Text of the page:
The best part: after frying up all the chicken, my kitchen did not feel like the greasy alley behind a restaurant! What I dislike about frying in oil is how greasy everything gets afterwards; when you live in a small apartment, that smell just permeates. I found the refined coconut oil to burn really cleanly when maintained at the right temperature.

Now let’s get cooking!

🍳Recommended Equipment

  • Dutch oven or heavy bottomed pan for shallow-frying
  • skimmer or strainer ladle to fish out fried chicken (can also use chopsticks in a pinch!)
  • wire rack for drying and paper towels
  • two large bowls for marinating and dredging
  • thermometer to monitor oil temperature – or just wing it!

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Adjust Servings
½cup low-FODMAP cucumber kimchi juice
1cup buttermilk can substitute for yogurt or lactose-free yogurt
1 egg
6grams salt approx. 1½ teaspoon
1tablespoon coconut aminos can substitute soy sauce or tamari for gluten-free
35grams gochugaru Korean red chili flakes approx. ¼ cup; can substitute cayenne pepper
7grams ground black pepper
7grams ground white pepper
2pounds boneless, skinless thighs
at least 10ounces refined coconut oil
Dredge Mixture
cup gluten-free all purpose flour (such as King Arthur's)
½cup rice flour
8grams baking powder
7grams ground black pepper
7grams ground white pepper



Night before, marinade chicken

Mix together ½ cup cucumber kimchi juice, 1 cup buttermilk, 1 egg, 6g salt, 1 tbsp coconut aminos, 35g gochugaru, 7g black pepper, 7g white pepper, and 2 lbs chicken thighs in a large bowl.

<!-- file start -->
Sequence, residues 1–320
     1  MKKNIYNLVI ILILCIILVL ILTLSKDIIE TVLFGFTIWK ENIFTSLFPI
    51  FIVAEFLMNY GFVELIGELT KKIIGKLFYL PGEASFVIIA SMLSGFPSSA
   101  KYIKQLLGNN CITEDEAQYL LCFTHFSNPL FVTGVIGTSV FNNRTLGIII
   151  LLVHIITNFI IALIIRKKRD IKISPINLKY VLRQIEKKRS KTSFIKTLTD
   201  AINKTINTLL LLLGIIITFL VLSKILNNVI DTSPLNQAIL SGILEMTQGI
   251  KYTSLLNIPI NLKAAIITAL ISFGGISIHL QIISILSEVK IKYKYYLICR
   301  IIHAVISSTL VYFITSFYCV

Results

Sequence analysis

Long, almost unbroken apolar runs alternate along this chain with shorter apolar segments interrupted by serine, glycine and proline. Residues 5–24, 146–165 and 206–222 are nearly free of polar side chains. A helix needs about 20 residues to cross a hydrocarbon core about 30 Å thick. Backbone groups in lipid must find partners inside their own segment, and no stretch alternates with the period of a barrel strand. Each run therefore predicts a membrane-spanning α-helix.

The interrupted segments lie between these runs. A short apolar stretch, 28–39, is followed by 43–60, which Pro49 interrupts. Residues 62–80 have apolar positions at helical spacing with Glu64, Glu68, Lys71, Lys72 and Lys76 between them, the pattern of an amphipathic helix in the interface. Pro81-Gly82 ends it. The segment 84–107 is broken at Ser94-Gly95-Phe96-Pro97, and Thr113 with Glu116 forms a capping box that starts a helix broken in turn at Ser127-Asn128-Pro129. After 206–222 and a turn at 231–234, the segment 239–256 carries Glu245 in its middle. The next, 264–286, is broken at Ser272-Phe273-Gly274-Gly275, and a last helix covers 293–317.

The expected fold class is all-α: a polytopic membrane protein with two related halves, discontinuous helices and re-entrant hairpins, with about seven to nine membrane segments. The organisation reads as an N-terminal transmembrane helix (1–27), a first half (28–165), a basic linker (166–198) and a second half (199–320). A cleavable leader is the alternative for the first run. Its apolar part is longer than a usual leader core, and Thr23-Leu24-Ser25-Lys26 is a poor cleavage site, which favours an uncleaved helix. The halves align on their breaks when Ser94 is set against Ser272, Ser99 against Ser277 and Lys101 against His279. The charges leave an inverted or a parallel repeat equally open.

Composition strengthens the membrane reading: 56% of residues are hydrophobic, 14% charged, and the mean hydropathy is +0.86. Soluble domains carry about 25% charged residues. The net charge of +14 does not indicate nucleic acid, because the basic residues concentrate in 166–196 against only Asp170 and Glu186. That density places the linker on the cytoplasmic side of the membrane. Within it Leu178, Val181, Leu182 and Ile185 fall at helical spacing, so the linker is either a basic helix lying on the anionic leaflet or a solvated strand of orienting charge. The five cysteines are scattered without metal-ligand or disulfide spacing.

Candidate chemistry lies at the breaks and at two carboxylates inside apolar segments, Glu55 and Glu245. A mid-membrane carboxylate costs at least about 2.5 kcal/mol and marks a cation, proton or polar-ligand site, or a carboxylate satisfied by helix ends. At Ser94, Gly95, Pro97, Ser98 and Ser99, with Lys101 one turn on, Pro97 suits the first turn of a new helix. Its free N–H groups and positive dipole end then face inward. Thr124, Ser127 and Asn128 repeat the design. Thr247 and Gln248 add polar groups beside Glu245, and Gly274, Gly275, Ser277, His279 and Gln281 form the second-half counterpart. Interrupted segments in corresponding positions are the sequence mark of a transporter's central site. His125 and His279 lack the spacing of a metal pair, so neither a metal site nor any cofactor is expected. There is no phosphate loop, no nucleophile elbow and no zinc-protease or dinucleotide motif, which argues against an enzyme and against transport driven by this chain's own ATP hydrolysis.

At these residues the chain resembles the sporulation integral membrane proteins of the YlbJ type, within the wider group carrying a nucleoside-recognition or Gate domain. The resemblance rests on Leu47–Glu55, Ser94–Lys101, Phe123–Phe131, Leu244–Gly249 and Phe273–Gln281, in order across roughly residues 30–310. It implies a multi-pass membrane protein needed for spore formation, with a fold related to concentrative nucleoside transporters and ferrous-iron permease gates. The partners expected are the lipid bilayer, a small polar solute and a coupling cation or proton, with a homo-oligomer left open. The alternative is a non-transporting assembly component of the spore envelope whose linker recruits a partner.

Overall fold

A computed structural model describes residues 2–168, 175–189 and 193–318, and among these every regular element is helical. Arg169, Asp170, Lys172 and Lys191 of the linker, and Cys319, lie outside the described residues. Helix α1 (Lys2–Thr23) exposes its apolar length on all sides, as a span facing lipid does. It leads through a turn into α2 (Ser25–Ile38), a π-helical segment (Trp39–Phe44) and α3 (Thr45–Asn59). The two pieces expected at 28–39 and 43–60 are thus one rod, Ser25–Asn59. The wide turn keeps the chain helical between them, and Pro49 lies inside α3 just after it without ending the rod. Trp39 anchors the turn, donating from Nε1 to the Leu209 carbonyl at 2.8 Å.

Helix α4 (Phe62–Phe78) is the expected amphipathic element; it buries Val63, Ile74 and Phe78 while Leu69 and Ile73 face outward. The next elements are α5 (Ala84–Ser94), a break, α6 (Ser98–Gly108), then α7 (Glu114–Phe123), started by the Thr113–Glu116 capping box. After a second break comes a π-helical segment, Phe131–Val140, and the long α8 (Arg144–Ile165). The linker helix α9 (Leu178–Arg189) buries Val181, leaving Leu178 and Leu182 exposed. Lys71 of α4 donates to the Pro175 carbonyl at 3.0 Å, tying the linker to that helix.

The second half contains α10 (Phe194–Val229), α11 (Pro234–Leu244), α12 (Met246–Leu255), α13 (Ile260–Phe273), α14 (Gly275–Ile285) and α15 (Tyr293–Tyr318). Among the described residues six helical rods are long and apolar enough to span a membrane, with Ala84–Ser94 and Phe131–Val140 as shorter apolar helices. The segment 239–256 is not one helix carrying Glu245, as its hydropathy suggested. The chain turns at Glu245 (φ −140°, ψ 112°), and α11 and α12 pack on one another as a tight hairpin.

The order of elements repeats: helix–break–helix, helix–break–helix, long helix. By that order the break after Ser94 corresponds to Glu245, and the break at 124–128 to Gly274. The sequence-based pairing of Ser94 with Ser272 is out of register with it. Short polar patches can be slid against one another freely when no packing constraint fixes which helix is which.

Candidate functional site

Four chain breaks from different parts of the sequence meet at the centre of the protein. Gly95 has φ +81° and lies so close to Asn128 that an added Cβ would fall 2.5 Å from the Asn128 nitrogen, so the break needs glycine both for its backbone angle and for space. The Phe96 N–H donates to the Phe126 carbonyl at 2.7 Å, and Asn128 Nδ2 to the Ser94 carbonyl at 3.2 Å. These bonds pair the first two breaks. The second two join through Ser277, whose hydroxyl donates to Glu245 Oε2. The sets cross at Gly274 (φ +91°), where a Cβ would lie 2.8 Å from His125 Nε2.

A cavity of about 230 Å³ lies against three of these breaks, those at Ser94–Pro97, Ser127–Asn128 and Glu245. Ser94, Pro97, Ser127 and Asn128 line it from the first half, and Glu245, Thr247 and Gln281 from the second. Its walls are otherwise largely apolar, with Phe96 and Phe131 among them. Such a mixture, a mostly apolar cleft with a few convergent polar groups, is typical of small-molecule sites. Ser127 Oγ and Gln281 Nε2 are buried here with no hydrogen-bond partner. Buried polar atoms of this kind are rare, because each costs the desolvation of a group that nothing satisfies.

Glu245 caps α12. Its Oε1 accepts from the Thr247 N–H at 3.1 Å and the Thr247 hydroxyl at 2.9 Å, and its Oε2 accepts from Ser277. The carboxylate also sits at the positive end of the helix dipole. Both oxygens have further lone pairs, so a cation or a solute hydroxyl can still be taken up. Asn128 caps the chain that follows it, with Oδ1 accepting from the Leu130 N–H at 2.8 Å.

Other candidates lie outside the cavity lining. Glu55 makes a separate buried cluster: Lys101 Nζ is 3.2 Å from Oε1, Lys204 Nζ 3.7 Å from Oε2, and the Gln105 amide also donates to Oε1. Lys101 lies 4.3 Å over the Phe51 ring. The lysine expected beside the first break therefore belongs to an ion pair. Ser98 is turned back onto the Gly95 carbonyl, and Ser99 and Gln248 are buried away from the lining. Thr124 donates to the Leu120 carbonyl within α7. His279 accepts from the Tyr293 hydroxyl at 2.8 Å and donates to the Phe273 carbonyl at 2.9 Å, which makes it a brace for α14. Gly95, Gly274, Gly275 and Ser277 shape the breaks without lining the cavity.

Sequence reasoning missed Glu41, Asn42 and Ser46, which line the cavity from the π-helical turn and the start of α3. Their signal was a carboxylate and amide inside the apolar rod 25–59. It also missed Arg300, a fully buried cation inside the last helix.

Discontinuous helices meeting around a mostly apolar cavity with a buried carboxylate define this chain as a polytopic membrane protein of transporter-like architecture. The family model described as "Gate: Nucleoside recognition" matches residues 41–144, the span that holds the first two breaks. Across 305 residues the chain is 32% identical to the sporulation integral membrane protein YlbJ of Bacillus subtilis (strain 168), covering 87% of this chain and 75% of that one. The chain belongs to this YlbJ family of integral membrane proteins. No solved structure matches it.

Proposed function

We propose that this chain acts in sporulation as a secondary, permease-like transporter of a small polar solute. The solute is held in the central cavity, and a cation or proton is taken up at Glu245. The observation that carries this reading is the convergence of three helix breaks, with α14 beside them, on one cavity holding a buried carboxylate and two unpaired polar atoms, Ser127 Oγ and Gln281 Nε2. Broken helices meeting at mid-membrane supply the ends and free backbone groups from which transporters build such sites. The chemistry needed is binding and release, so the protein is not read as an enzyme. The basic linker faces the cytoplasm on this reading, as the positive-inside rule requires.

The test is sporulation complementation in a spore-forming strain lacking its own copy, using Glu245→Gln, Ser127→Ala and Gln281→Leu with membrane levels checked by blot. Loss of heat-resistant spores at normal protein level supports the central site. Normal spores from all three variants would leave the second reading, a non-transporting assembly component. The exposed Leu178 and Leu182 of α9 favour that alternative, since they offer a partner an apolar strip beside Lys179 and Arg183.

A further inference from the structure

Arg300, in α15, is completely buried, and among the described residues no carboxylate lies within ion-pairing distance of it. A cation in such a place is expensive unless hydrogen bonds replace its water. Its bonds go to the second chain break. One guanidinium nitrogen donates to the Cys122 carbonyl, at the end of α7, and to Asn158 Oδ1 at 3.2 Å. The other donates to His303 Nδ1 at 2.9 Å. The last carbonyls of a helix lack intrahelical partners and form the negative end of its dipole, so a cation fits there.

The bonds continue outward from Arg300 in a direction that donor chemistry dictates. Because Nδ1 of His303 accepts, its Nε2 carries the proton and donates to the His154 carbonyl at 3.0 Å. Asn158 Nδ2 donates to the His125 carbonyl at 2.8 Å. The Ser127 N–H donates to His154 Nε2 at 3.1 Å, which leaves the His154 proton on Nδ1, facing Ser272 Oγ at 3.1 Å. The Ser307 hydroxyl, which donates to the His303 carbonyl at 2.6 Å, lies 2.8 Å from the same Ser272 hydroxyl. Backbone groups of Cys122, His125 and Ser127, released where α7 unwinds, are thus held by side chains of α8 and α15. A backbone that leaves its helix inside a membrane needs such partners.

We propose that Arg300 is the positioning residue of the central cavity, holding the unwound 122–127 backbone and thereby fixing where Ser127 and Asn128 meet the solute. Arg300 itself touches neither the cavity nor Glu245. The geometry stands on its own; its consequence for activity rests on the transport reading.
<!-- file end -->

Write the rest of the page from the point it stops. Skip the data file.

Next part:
Marinade overnight, or at least for four hours.
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Next day, make dredge

In a large bowl, mix together 1½ cup gluten-free all purpose flour, ½ cup rice flour, 8g baking powder, 7g black pepper, and 7g white pepper.
Then drizzle in about a half cup of marinade liquid into the dredge ingredients to create little chunks. Mix those up into the dredge - these will create delicious craggy, crunchy bits once fried.
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Setup cooling station

Put a wire rack over paper towels - this is where you will cool fried chicken.
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Heat refined coconut oil

In a heavy bottomed pan or dutch oven, pour about a ½ inch of refined coconut oil.
Heat to about 350°F.
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Dredge chicken

Dip marinated chicken into the dredge mixture, pressing every nook and cranny to ensure it's thoroughly covered.
Set aside for frying.
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Fry chicken in batches

Once oil is at 350°F, start frying chicken. Take care not to crowd the pan; I did only 2-3 at a time. Takes approximately 3-5 minutes per side.
Occasionally check oil temperature. Also you made need to add oil between batches as levels fall, allowing the new oil to come up to temperature before adding more chicken. Once chicken is done, set on a wire rack to cool.
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Enjoy this chicken on its own, or with a delicious dipping sauce!